Learning to Manage Money

Category Archives: Lessons

Problems With Teaching Financial Education

In my last article (teaching investing and wealth), I’ve encountered a huge snag.

What if your pupils (in my case, my kids), don’t really want to learn personal finances?

First, back to me! 

I come from a very diverse social class history!  My parents started out as a lower paid working class family, in a very poor neighborhood.  In fact, to give you and idea, the house I was raised in until I was three years old is still only valued at around 30k today (I used Zillow to check that out!)…  So I started out poor, but then after my parents got divorced, it got worse.  I remember temporarily sleeping in a basement a few times as my mom tried to find new places to live sometimes.  At about four, my grandparents took both my mom and I in.  They charged her something like $100 a month (very cheap) including free food and utilities. I ended up sleeping in one of their bedrooms, and that pretty much changed my life.

My grandparents were small business owners and actually had a few businesses running at the same time.  The were constantly working (or so it seemed to me).  I learned a lot from their continual struggling climb up the social and financial ladder in life.  So, I guess I’ve seen a lot and experienced very different social classes along the way.

My kids are different than I am.

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I come from a background of never having a lot when I was younger, and as I got older I had the drive to want to accumulate wealth (like my grandparents did).  But my kids get a lot already, and they have grand experiences that I always wanted or didn’t even know existed.  For example, my son went to Florida, the Outer Banks Area, and two different type of “fun” camps this summer alone.  Even today he is traveling to a nearby large city for some fun with friends.  Both my son and daughter do expensive things, like participation in the Ski Club, gymnastics (for my daughter) and other incredible things.  They are both in advance classes at school, and both work and play hard!  Money and wealth accumulation doesn’t even register on their radar because they have practically everything that they want (or at least need) and are to busy for it actually.

So I imagine others are in the same boat that I’m finding myself in, where kids don’t want to learn such boring, dry areas as financial education because their cups runneth over already with kids things!  I know that my kids are not the exception.  Sports, school classes, girls, boys and other such distractions foil any attempts of teaching personal finance to kids.  Society doesn’t help either!  The media is constantly displaying the wealthy in a negative light, even as those criticizing the rich, are all withing the top 1%, it’s like they think were are dumb or something… go figure.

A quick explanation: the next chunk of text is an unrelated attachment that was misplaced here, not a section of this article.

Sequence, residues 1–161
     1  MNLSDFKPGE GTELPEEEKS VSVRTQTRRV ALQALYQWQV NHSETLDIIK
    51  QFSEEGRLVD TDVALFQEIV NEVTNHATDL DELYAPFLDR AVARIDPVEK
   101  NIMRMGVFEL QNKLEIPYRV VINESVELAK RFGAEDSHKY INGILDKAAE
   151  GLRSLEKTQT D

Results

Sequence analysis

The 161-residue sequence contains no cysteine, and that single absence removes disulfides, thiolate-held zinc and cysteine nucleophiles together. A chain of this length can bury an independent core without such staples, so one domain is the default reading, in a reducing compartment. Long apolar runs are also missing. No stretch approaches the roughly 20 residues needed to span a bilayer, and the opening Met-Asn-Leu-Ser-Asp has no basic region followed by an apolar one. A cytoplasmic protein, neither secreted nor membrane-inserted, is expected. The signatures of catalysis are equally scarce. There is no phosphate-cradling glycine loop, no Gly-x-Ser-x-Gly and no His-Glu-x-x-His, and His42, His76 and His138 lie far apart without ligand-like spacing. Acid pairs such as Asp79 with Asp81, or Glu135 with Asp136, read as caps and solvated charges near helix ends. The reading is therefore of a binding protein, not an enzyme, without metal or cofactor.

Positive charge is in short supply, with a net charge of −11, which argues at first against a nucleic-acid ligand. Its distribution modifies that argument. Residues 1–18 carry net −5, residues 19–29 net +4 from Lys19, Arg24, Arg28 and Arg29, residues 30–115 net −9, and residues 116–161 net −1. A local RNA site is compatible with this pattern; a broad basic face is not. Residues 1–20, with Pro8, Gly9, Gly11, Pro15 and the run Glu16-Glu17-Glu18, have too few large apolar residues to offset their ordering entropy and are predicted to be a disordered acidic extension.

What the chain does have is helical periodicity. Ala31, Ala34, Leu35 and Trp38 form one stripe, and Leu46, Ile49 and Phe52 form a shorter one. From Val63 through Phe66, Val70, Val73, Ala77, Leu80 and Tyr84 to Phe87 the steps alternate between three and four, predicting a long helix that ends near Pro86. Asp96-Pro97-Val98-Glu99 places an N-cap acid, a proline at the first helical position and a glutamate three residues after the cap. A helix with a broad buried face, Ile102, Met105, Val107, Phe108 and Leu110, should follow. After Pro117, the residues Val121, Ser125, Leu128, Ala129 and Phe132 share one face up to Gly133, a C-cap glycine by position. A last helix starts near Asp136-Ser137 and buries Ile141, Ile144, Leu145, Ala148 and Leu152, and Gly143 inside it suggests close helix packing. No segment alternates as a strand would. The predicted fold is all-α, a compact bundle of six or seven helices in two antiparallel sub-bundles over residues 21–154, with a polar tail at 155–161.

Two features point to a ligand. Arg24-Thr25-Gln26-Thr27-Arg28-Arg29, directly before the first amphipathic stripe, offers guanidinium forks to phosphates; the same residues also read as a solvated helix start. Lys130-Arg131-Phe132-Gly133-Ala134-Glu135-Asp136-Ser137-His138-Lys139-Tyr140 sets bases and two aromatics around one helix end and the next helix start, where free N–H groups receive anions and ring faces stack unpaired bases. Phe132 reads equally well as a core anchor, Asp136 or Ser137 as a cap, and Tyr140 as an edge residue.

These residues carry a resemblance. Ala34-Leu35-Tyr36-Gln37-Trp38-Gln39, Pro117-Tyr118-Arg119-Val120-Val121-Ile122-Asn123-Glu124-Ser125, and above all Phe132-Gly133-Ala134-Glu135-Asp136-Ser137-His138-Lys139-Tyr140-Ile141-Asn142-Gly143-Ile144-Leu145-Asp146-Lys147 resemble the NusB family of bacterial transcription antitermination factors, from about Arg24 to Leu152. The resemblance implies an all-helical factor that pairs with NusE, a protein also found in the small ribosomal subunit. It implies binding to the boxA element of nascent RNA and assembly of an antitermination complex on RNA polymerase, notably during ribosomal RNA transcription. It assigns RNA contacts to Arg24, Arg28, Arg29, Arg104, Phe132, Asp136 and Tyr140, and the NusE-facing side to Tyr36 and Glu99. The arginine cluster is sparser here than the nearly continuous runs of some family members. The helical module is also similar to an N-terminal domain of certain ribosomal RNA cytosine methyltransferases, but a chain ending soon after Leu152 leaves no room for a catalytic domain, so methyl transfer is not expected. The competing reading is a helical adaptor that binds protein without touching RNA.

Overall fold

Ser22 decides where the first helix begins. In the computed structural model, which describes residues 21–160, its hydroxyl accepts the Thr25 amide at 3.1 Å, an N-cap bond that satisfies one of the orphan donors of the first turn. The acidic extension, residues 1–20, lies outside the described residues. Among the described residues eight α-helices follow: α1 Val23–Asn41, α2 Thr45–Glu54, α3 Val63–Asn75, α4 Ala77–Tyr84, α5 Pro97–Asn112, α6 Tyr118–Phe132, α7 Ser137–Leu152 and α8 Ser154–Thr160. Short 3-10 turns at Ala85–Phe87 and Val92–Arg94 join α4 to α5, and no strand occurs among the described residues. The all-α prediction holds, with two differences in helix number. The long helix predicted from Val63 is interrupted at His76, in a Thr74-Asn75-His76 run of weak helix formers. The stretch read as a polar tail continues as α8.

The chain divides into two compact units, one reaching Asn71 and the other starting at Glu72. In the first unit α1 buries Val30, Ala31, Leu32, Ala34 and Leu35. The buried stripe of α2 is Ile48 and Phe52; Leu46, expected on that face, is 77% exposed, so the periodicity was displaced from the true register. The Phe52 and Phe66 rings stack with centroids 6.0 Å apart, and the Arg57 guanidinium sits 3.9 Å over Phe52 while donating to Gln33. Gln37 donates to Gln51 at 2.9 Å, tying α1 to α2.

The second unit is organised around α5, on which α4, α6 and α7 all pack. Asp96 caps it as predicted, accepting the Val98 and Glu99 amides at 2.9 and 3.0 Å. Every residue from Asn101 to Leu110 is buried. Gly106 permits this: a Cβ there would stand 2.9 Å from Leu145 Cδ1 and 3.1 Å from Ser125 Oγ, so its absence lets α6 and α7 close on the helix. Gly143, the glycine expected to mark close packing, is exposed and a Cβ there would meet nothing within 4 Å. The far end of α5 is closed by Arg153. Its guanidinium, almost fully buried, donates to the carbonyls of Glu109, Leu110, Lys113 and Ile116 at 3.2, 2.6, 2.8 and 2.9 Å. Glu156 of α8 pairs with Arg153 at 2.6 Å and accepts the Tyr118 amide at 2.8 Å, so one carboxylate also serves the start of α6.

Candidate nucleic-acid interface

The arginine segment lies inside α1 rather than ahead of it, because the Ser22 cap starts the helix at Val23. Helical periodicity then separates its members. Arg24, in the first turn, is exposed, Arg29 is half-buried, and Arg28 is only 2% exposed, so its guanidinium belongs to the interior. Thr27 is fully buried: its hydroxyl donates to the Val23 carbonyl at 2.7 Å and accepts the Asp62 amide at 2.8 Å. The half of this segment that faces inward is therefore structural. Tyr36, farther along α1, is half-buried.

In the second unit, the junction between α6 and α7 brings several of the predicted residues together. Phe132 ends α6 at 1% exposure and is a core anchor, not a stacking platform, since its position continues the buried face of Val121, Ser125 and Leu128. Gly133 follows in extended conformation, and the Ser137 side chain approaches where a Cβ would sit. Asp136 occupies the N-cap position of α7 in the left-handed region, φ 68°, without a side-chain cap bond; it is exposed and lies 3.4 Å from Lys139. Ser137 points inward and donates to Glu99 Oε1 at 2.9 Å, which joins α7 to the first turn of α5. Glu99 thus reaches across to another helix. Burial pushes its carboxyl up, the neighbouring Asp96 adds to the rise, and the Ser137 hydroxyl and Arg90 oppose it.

So I think the financial educational materials are out there, but there is no real desire to learn such areas for kids.  Plus, the lessons that are true today, will not be necessarily true 10, or even 5 years from now.  The economy is very dynamic and the landscape is constantly changing.

And so there you have it!  Motivating my kids, or even finding time for them to learn from me, are the struggles that I’m battling lately.

I’ll crack this nut eventually, but for now I’m floundering with the struggle!

Rick

What is a Stock?

What is a stock? A stock is a share of ownership in a company! Normally, when people say that they own stocks, what they are really referring to is “common stocks“.  Why would I want to own shares of common stock?  There are two primary advantages of owning common stock: Capital Appreciation – This means… Continue Reading

What is Debt Ratio?

The Debt Ratio is basically the total assets in a business that was acquired by the business borrowing the money from financial institutions and other such creditors to purchase those assets. The basic formula is Debt Ratio = (“Total Liabilities“/”Total Assets“) Let’s break this down into a real world example: Let’s pretend that you are… Continue Reading

What is Dollar Cost Averaging?

Dollar Cost Averaging  is an investment strategy where you are investing static amounts of chunks of money spread out over time (instead of a lump sum purchase) in a given investment. You might be wondering “what is the advantage of doing this form of investing”?  You might think that investing in small chunks is inferior… Continue Reading

Teaching My Son About Stocks

Last night I explained to my son why he should consider put his money in investments rather than a continuous saving and spending cycle. He didn’t understand what I was saying, so I started back with the basics. What is a Stock again? So, I decided to start as I usually do with the question,… Continue Reading